THC beverage makers worried about being left out of Minnesota's new cannabis bill
MINNEAPOLIS – East Lake Craft Brewery has been pouring beers inside of Midtown Global Market since 2014, but in the last year they've seen a surge in sales from their THC drink "High & Dry."
"It's been great because new people are coming in, people we've never seen before," said Ryan Pitman, owner of East Lake Craft Brewery, "It's been a good seller for us."
However, the current Cannabis Bill has language that could leave his business behind.
"Under current Minnesota law, brewers are allowed to create beverages that are based on hemp, that qualify for federal tax benefits and are not subject to the anti-marijuana laws at the federal level," said Ryan Winkler, the former House Majority Leader, and now the chair of "Minnesota is Ready," which is a coalition that's backing this bill.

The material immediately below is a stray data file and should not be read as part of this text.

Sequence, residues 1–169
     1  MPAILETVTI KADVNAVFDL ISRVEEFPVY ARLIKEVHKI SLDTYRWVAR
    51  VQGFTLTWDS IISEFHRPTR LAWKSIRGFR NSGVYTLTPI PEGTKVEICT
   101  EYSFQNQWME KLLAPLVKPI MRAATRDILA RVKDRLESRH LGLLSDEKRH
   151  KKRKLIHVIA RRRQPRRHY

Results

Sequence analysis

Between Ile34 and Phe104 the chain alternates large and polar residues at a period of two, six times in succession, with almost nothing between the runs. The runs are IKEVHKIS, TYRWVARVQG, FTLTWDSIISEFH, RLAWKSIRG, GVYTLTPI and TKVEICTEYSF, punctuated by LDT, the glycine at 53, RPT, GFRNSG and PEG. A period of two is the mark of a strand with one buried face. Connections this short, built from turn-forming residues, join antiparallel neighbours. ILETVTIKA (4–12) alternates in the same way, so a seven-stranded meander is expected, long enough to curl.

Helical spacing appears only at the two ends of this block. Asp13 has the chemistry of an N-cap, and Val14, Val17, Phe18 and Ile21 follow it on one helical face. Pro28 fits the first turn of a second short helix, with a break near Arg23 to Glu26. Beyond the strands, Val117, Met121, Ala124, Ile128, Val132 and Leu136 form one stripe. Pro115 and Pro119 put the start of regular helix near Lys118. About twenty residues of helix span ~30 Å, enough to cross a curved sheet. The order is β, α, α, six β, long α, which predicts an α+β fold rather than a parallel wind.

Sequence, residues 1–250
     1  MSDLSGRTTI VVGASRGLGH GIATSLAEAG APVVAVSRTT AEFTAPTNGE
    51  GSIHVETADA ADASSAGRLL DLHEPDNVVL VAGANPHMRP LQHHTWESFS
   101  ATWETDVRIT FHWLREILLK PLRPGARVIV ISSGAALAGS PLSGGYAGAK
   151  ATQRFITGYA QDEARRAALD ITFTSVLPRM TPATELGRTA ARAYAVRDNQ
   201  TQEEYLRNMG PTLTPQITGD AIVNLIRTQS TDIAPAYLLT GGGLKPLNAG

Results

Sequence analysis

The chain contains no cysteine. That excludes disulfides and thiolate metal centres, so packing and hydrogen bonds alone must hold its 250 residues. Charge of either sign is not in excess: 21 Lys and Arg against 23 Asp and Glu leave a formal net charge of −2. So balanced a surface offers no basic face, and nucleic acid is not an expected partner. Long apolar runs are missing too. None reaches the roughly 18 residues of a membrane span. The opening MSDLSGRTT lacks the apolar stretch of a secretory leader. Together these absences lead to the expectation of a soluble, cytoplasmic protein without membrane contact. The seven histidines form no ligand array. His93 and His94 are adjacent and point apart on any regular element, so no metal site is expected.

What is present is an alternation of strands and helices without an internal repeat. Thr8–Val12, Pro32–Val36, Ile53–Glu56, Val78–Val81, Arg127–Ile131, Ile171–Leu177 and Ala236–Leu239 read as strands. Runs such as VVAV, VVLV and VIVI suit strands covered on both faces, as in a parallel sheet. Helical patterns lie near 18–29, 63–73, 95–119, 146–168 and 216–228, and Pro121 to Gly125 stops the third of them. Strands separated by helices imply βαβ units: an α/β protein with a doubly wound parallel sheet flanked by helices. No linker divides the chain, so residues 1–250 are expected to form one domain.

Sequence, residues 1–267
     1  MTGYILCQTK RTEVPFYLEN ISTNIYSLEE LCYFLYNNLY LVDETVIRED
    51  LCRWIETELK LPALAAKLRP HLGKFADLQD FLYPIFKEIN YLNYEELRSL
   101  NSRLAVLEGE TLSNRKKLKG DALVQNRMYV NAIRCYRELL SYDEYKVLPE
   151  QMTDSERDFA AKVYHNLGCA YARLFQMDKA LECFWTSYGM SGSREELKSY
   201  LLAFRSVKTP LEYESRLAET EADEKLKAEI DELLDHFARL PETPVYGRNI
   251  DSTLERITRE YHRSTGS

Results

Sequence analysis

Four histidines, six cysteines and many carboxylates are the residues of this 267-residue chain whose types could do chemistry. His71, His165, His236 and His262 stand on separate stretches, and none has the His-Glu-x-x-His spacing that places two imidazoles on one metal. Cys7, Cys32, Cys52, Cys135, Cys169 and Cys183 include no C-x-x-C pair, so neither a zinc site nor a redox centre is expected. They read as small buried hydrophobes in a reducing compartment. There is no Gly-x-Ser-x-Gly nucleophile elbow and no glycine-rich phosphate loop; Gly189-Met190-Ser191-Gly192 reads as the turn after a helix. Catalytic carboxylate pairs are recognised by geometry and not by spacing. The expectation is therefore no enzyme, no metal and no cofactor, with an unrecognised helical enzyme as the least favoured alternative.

Winkler says the current language doesn't distinguish between hemp-derived and marijuana-derived THC.
"I think the biggest concern is making sure that we are not mixing up their hemp-based business model in with the federal restrictions related to marijuana," said Winkler.
Winkler is the original author of the cannabis bill. He says he'll fight to fix the language as it moves through the House and Senate.
"I think it's a very high likelihood that before this bill passes, most, if not all of those issues will be addressed," said Winkler.
These brewers are holding out hope that they can keep pouring their THC seltzers.
"They can sort of fix things up, shore up the policy and regulation, but I'm hoping they can find a way to let us all coexist," said Pitman.
This bill still has to move through several Senate and House committees before it even gets to the House floor for a possible vote. That process could take several months.
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